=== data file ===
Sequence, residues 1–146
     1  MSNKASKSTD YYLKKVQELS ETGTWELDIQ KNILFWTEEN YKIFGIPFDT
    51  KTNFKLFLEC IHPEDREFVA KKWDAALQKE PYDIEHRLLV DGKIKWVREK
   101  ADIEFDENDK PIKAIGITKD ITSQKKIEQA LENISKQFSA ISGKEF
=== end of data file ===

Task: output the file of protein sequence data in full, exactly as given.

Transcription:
Sequence, residues 1–146
     1  MSNKASKSTD YYLKKVQELS ETGTWELDIQ KNILFWTEEN YKIFGIPFDT
    51  KTNFKLFLEC IHPEDREFVA KKWDAALQKE PYDIEHRLLV DGKIKWVREK
   101  ADIEFDENDK PIKAIGITKD ITSQKKIEQA LENISKQFSA ISGKEF